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Wind development hits lull  

Credit:  Contributed By: GEORGE PLAVEN East Oregonian | Oregon Public Broadcasting | www.opb.org ~~

New wind energy development is off to a slow start in 2013, following a surge of projects last year that added 1,700 megawatts of generation across the Pacific Northwest.

Wind power now makes up 13 percent of the region’s total generating capacity, according to energy analysts with the Northwest Power and Conservation Council. But uncertainty over the future of federal tax credits for wind production has the industry in a lull, with no new projects currently under construction in the area.

The council met Wednesday at the Port of Morrow in Boardman for an update on local wind development, including the challenges of integrating the resource onto the power system.

Gillian Charles, energy policy analyst with the council, said wind has been the dominant energy growth over the past decade, driven in part by the federal tax credits and renewable standards enforced by individual states.

The Northwest has nearly 8,500 megawatts of wind energy operating today. Major projects last year included the 845-megawatt Shepherds Flat Wind Farm in Morrow and Gilliam counties.

Wind companies hesitated, however, when the tax credits were set to expire at the end of 2012, Charles said. The credit pays 2.2 cents per kilowatt over 10 years as an incentive to keep wind farms operating.

But Congress – as part of the eleventh-hour Fiscal Cliff deal – passed a one-year extension to all projects under construction by the end of 2013. While the region has more than 12,000 megawatts in proposed work, nothing is yet to break ground.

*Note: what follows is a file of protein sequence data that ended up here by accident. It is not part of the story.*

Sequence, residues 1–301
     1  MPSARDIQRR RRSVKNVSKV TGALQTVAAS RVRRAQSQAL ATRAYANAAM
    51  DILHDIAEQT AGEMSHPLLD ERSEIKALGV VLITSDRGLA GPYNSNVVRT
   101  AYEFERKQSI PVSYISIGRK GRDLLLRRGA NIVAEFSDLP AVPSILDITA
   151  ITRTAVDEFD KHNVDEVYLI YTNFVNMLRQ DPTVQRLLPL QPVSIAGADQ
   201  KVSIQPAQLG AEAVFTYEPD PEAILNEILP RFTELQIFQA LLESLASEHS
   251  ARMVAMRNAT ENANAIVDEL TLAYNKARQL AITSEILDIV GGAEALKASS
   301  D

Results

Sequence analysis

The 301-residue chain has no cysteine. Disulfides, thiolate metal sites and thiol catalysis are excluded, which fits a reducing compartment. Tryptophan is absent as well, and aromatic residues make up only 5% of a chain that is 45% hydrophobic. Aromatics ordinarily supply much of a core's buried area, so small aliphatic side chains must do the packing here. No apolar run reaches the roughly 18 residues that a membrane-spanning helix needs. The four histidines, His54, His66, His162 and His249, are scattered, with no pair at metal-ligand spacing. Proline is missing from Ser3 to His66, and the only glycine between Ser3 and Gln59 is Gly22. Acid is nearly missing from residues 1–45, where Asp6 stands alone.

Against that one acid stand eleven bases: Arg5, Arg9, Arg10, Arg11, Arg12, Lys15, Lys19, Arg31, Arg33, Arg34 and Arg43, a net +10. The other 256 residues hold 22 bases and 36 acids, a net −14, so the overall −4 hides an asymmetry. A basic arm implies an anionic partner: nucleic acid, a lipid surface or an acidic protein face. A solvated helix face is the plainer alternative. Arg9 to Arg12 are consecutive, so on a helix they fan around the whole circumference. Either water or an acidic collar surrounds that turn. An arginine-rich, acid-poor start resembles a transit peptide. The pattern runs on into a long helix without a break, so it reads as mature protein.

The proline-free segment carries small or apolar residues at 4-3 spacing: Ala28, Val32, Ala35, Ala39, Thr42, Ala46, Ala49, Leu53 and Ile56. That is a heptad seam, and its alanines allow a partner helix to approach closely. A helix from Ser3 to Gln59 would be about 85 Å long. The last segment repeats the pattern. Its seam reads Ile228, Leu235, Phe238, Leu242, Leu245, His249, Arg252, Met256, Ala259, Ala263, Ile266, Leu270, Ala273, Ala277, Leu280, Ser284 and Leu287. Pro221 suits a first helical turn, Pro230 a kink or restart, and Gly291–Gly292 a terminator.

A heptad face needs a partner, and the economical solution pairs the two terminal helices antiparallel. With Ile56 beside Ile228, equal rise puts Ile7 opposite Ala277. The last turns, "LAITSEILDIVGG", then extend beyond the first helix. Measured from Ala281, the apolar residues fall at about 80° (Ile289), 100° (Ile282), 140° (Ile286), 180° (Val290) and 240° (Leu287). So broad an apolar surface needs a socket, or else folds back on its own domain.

“Most of these projects will never see the light of day, or make it out of the pipeline,” Charles said. “We don’t forsee (development) being anywhere near where it was the last couple of years.”

A majority of wind farms in the area are smaller in scale, with an equal amount producing between 11-29 megawatts and 30-99 megawatts. Utilities tend to take on these smaller projects, Charles said, because they are easier for them to integrate onto the system.

Tina Ko, manager of long-term power planning with Bonneville Power Administration, discussed the annual variability of wind generation and looked at studies comparing it to the variation of flows in hydropower.

The data showed wind varied more, on average, in the winter months from October through February. Hyrdopower flows then varied more strongly from March through July.

BPA will continue to look at wind trends and production over the last decade, Ko said, to try and forecast how today’s growing wind fleet would fare given those conditions.

Another challenge is balancing wind power in a utility’s system, said Ben Kujala, senior analyst with the council’s Power Planning Division. The wind has to somehow fit in without compromising other power plants.

While long-term studies focus on weather models to better predict the wind outputs, the energy produced now has to match up with energy used in the short-term, Kujala said.

“Wind is a significant player in the system, but it’s not the only player,” Kujala said. “You have to shape the system, including your wind, to serve that demand.”

Source:  Contributed By: GEORGE PLAVEN East Oregonian | Oregon Public Broadcasting | www.opb.org

This article is the work of the source indicated. Any opinions expressed in it are not necessarily those of National Wind Watch.

The copyright of this article resides with the author or publisher indicated. As part of its noncommercial effort to present the environmental, social, scientific, and economic issues of large-scale wind power development to a global audience seeking such information, National Wind Watch endeavors to observe “fair use” as provided for in section 107 of U.S. Copyright Law and similar “fair dealing” provisions of the copyright laws of other nations. Send requests to excerpt, general inquiries, and comments via e-mail.

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